What Can Be Done?

If corporations would like to run experiments on the lives of unsuspecting Americans, we should at least be given the option of participating. Accordingly, foods containing genetically-modified ingredients should be labeled as such. If this sounds like common sense, you’re not alone. Over 90% of Americans believe that GMOs should be labeled according to polls conducted by the Washington Post, The New York Times, and Consumer Reports.[1] And over 400 companies have voiced their support for GMO labeling.[2] In fact, we have fallen far behind the rest of the world on this issue. Sixty-four countries worldwide have adopted laws that require GMOs to be labeled, including Australia, France, Germany, and the United Kingdom. Even countries that are not known for strong public health policy such as China and Russia do require labeling of GMO’s.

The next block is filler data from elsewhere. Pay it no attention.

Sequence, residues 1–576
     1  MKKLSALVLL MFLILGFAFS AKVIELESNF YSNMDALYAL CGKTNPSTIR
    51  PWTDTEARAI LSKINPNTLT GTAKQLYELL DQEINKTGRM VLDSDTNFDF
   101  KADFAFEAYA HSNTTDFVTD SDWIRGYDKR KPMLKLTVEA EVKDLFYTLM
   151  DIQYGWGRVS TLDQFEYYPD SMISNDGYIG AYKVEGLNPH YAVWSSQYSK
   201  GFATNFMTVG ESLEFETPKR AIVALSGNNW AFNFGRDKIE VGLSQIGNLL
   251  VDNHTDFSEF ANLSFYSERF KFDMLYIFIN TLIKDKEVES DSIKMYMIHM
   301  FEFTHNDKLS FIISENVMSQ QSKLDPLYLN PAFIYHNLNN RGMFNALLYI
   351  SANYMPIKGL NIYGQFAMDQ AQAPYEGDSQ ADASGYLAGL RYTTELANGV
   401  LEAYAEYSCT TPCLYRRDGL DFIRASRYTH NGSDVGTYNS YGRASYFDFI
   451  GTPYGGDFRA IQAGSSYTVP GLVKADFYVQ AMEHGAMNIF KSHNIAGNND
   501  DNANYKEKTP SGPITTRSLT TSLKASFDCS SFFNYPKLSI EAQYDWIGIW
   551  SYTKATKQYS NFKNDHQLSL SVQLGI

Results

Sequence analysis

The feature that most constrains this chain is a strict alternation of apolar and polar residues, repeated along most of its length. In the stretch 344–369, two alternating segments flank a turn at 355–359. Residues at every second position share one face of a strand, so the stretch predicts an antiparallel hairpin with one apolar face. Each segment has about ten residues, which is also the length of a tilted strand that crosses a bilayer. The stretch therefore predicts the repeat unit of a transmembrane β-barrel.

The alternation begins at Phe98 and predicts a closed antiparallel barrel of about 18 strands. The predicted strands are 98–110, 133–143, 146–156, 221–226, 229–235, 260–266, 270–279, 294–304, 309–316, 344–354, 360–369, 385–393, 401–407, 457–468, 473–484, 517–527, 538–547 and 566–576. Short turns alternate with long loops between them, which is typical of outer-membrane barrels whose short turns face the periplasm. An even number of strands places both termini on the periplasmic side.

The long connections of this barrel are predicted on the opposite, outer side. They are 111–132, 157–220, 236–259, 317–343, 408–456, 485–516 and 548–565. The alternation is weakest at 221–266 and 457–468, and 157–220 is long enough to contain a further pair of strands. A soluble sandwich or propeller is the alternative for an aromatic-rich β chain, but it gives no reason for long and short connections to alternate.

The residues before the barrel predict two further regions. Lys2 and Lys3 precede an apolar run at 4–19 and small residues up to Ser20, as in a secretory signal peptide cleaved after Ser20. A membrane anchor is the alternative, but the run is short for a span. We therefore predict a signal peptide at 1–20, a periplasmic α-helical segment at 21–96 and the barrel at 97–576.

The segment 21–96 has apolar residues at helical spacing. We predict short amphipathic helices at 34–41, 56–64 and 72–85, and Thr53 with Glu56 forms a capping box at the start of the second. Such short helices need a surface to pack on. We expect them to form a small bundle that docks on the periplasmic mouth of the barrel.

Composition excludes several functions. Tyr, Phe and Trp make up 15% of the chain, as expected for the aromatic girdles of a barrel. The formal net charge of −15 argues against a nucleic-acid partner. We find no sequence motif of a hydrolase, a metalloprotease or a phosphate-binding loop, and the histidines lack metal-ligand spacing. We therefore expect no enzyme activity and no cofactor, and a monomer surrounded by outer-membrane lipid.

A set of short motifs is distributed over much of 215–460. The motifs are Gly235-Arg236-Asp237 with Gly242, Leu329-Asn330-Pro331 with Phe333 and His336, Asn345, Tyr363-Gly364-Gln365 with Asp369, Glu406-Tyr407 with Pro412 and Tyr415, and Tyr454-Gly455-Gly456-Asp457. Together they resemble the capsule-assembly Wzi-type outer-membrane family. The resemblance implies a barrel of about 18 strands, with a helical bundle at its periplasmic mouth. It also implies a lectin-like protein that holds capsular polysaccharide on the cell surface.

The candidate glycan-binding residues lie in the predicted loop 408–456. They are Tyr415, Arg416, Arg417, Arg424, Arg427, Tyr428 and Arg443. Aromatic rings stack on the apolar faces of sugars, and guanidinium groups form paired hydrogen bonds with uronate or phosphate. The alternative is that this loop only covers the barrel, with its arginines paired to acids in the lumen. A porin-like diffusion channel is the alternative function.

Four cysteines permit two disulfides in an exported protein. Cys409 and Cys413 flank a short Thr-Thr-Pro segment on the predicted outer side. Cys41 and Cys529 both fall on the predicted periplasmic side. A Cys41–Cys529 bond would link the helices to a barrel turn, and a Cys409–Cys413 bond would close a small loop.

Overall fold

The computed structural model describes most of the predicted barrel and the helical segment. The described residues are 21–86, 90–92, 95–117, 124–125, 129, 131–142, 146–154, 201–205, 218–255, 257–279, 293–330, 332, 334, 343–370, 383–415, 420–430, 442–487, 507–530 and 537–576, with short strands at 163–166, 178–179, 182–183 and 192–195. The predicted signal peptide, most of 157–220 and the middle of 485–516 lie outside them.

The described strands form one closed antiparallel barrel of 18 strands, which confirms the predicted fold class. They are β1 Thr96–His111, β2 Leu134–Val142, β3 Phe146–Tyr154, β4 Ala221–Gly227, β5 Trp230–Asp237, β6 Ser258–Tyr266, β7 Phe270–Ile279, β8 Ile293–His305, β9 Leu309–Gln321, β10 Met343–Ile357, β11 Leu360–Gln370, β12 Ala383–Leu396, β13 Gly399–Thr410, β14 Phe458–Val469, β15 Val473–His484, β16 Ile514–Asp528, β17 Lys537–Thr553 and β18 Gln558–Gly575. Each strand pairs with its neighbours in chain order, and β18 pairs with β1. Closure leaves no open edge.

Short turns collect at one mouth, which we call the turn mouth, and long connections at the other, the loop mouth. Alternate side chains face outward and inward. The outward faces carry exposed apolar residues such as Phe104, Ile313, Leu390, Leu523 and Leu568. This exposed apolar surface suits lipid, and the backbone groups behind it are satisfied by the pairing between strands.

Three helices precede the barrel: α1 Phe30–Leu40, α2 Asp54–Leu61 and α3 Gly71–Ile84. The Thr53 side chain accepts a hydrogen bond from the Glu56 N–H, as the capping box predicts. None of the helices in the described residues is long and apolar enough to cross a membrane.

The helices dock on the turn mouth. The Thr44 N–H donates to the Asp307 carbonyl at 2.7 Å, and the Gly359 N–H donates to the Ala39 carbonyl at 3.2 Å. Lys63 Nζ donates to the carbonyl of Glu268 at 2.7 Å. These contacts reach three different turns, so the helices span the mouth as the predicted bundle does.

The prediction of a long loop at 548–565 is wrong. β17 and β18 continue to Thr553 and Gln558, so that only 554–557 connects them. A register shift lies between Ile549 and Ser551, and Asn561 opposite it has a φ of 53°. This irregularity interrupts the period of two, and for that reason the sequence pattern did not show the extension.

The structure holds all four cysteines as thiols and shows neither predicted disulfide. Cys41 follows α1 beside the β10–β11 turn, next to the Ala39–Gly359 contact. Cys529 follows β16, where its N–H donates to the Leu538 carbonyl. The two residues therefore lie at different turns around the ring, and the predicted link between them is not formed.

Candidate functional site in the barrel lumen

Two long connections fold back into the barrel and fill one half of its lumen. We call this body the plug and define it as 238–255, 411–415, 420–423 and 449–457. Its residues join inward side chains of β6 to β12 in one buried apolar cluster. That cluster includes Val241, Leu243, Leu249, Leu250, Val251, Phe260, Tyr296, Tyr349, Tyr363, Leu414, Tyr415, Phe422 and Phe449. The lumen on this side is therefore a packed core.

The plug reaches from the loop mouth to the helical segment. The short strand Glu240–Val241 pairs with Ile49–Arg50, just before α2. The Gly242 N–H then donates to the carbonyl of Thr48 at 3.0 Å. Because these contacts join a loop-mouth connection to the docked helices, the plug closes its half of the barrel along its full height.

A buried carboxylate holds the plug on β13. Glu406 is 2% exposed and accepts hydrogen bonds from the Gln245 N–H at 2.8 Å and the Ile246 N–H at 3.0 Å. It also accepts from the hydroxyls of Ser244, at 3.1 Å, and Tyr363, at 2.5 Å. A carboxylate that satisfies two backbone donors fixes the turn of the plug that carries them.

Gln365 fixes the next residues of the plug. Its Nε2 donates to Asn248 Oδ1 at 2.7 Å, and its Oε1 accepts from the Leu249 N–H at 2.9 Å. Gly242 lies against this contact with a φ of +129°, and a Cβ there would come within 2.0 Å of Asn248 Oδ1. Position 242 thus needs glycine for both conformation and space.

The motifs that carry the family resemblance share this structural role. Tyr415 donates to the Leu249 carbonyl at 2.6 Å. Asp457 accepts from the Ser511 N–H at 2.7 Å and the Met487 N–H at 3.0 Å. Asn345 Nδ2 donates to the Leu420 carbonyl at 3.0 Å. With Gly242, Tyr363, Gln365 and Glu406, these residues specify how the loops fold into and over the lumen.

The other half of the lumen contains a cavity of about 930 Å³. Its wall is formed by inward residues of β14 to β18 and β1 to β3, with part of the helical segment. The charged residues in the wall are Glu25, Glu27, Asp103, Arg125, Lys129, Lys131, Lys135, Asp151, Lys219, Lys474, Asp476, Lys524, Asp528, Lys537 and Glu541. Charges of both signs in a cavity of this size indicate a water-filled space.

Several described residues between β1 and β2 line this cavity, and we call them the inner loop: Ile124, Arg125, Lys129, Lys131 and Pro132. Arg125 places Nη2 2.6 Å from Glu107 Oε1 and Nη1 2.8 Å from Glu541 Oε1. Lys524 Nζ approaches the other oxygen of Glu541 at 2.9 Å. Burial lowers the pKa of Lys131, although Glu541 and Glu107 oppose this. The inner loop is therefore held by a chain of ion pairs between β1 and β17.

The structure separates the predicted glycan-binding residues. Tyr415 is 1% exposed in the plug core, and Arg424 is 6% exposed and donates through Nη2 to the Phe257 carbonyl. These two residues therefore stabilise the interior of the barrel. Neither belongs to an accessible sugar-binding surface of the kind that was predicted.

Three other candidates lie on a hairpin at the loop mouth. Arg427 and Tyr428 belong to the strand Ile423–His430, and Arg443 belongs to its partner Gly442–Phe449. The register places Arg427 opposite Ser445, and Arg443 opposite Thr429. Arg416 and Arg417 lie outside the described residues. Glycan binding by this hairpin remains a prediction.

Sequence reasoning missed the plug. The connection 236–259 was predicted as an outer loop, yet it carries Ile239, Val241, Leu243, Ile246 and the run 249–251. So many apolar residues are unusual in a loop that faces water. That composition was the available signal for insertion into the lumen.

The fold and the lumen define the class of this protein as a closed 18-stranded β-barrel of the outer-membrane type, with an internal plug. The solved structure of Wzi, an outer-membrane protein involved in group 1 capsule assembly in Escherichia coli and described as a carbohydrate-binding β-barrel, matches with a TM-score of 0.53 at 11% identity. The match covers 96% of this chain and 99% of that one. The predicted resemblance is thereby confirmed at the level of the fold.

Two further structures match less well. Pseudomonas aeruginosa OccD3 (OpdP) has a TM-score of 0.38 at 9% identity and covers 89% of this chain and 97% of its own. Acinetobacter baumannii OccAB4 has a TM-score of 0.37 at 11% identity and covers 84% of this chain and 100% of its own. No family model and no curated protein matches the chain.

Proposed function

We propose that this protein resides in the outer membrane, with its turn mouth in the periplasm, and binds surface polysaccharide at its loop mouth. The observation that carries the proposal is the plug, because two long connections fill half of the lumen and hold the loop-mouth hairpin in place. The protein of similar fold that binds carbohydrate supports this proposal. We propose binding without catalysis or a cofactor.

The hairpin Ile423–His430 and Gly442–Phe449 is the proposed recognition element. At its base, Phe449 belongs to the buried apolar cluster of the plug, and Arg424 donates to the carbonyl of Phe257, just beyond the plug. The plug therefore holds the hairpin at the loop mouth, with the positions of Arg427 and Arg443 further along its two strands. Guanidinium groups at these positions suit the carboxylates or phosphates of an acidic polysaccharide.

Three states have already passed GMO labeling laws: Connecticut, Maine, and Vermont. Currently, 18 states are considering GMO labeling bills: Alaska, Arizona, Connecticut, Florida, Georgia, Hawaii, Illinois, Indiana, Maine, Minnesota, Missouri, New York, Oklahoma, Oregon, Rhode Island, Tennessee, Texas, and Virginia.


1. Sign the petition (created by Just Label It) that calls for the FDA to require labeling of all genetically engineered foods.

2. Sign the petition (created by Food and Water Watch) that calls for Congress to reject Monsanto’s attempts to eliminate states’ rights to pass legislation that would require GMO labeling.